|I want to move approx. 50-70 iris rhizomes to another area of my yard; however I won't be able to do this til next spring. How should I overwinter them so they best survive? Any suggestions on how and when to replant? They have been cut back so about 5" of greens remain.|
|Traditionally, bearded iris are divided in early to mid summer and replanted immediately. I have also dug and divided them in early spring but that timing will usually cost a season of blooms. A fall planting can also be done, but it greatly increases the risk of frost heaving during the winter because the plants have not had enough time to root themselves thoroughly.
It is very faintly possible that bare-rooted iris would hold until next spring if you can store them cool (but well above freezing) and dry but not so dry that they shrivel up completely. However, it would really be better to plant them immediately in a temporary holding area. For this purpose, nearly any well-drained sunny spot will do. Another, less desirable, alternative might be to plant them temporarily in pots.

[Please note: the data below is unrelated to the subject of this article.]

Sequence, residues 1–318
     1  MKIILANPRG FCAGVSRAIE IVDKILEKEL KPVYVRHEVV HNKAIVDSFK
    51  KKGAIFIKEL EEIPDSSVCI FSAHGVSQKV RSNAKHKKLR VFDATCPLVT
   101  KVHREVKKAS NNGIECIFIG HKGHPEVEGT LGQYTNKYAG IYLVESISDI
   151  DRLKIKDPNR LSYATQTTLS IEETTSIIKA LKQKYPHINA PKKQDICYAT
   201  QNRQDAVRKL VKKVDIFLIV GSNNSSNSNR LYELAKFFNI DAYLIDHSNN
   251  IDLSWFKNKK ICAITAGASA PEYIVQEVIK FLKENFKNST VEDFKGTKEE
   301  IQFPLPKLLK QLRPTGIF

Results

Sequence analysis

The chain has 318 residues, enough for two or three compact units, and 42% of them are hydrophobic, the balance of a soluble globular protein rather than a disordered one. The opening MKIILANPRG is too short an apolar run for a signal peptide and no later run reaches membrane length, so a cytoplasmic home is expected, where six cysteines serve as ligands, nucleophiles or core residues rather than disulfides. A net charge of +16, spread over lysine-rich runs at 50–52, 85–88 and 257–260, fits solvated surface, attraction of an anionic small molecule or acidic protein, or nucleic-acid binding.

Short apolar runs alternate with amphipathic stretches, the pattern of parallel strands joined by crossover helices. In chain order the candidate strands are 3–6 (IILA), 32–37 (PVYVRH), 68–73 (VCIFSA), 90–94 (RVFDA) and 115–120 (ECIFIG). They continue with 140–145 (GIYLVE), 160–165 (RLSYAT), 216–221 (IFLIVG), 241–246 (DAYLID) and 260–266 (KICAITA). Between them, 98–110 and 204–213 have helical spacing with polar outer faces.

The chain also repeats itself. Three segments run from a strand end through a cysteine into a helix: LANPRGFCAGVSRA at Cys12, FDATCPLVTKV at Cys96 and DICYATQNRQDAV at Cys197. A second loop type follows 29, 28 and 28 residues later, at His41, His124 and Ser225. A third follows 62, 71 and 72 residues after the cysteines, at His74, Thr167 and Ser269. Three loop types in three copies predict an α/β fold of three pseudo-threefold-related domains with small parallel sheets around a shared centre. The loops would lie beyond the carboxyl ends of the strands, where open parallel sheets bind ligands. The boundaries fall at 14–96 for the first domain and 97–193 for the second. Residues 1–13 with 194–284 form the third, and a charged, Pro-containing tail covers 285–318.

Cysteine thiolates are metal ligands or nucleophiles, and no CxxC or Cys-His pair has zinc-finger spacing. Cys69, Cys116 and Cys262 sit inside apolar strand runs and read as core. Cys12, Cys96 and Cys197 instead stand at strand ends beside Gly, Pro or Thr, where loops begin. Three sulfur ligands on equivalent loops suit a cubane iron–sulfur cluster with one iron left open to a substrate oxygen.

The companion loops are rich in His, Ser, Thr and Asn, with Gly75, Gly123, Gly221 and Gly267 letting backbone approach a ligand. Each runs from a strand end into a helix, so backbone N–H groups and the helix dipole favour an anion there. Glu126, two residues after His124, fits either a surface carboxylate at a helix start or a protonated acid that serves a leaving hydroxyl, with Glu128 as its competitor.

Generally, bearded iris require a sunny and well drained spot and do best with a soil pH near neutral. Your new permanent iris bed should be deeply prepared and well enriched with organic matter prior to planting, and the iris should be planted very shallowly to avoid rotting the rhizomes. (An inch of soil at most on top the rhizome is plenty. If your soil is heavy, plant them even shallower than that.) Water well after planting to settle the roots, and be sure they receive adeqaute moisture during the summer to root well. Remove any browning leaves this summer and clean out and destroy all the iris debris this fall to minimize disease problems. Apart from that, there isn't too much to do for iris with the possible exception of checking them for frost heaving during the winter.
Good luck with your iris!